27. The liquid crystal display device according to claim 26, wherein the microlens-array is provided directly on a substrate comprising the liquid crystal cell.
28. The liquid crystal display device according to claim 26, wherein the mesh-like sheet has a mesh size of from 100 to 600 mesh.
29. The liquid crystal display device according to claim 26, wherein the mesh-like sheet is covered or dyed with a shading material.
30. The liquid crystal display device according to claim 26, wherein the mesh-like sheet comprises a woven fabric.
31. The liquid crystal display device according to claim 26, wherein the mesh-like sheet comprises printing lattices made by screen printing.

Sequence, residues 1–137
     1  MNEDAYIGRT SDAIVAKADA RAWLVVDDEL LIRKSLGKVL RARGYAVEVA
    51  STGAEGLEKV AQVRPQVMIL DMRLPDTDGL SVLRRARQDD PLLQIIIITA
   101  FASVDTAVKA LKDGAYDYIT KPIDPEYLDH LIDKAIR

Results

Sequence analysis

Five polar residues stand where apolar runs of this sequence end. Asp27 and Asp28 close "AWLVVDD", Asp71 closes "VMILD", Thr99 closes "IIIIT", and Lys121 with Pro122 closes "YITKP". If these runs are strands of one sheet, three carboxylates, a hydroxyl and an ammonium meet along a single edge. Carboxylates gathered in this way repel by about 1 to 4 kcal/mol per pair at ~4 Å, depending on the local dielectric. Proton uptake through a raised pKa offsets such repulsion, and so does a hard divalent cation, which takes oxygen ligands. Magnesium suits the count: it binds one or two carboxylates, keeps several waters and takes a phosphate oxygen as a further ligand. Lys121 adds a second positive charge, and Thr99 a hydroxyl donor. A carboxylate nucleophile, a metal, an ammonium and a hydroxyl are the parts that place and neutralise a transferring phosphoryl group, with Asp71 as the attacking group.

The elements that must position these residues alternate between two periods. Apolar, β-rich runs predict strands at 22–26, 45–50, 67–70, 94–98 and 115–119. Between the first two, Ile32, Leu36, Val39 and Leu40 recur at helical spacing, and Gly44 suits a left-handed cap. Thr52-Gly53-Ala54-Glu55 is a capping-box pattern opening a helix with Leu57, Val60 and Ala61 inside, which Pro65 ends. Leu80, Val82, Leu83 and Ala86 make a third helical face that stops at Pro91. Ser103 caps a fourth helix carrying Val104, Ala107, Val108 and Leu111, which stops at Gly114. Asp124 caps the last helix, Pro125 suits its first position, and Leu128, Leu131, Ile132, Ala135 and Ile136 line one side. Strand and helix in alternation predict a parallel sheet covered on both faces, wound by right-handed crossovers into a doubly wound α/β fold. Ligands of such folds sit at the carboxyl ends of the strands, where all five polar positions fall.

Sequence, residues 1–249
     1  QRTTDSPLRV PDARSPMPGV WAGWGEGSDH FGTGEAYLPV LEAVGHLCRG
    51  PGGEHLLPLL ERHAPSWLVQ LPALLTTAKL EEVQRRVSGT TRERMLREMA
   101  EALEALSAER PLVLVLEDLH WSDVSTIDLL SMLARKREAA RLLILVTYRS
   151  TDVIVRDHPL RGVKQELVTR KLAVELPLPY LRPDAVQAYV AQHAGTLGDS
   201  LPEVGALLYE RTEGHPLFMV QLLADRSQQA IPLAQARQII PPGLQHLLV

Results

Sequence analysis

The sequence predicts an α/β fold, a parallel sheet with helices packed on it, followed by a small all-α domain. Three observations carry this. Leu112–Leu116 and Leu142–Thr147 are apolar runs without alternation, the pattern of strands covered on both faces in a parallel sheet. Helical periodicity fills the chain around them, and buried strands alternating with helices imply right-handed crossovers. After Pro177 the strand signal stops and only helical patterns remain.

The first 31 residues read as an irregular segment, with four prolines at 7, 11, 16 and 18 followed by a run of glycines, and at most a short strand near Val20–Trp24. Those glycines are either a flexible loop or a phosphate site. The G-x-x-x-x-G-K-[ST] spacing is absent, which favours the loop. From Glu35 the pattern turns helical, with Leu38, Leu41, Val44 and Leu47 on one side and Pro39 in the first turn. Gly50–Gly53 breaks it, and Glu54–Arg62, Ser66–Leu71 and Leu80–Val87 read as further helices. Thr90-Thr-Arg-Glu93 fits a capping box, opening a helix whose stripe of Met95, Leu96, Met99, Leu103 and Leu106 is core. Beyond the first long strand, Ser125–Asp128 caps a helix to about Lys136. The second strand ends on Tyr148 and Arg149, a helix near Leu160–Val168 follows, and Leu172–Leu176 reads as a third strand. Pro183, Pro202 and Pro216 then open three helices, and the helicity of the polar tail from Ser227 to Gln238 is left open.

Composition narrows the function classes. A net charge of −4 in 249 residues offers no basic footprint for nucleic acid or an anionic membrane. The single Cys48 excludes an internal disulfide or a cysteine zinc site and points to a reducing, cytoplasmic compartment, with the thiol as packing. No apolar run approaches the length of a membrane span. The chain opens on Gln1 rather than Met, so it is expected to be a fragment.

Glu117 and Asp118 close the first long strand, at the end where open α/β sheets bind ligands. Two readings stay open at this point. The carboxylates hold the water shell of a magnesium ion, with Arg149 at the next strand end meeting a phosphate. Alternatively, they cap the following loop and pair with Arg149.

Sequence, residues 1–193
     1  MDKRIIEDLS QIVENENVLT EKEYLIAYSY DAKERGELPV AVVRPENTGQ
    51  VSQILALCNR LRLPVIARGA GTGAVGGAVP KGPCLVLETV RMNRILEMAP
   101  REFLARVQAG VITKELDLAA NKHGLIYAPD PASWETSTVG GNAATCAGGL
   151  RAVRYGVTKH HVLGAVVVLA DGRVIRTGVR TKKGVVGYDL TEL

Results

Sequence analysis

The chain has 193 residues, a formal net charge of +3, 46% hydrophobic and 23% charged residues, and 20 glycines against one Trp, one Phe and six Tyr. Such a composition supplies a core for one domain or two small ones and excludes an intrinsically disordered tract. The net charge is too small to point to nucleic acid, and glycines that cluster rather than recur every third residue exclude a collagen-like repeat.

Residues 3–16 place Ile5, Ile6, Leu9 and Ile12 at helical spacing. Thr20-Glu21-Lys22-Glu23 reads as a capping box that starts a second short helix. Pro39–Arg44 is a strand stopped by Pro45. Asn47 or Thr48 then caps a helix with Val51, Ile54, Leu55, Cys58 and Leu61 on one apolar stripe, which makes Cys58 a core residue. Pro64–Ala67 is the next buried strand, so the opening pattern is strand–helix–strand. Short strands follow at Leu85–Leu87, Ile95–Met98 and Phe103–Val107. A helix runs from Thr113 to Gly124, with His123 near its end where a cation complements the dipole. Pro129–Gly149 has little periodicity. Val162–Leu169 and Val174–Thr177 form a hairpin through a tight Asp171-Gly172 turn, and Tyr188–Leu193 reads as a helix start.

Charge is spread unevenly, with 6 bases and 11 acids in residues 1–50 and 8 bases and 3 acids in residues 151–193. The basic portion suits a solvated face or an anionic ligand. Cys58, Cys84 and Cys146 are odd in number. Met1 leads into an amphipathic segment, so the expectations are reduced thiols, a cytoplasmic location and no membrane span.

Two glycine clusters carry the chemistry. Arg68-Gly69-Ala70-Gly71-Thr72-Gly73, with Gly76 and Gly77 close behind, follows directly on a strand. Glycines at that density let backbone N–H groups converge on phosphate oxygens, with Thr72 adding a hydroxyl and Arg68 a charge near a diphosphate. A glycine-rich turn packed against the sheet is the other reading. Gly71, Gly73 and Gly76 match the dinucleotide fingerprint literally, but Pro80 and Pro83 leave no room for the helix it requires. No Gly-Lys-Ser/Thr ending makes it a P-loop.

32. The liquid crystal display device according to claim 26, wherein the mesh-like sheet comprises fibers selected from the group consisting of cotton, linen, silk, nylon, polyester, polyethylene, polypropylene, stainless steel and glass fibers.
33. The liquid crystal display device according to claim 32, wherein the mesh-like sheet comprises fibers selected from the group consisting of nylon and polyester fibers.
34. The liquid crystal display device according to claim 26, wherein the at least one polymerization compound and the composition containing the at least one polymerization compound each has a viscosity of 3 Pa or less prior to polymerization.
35. The liquid crystal display device according to claim 26, wherein the wherein the optically-transparent resin formed at each aperture has a plano-concave lens shape.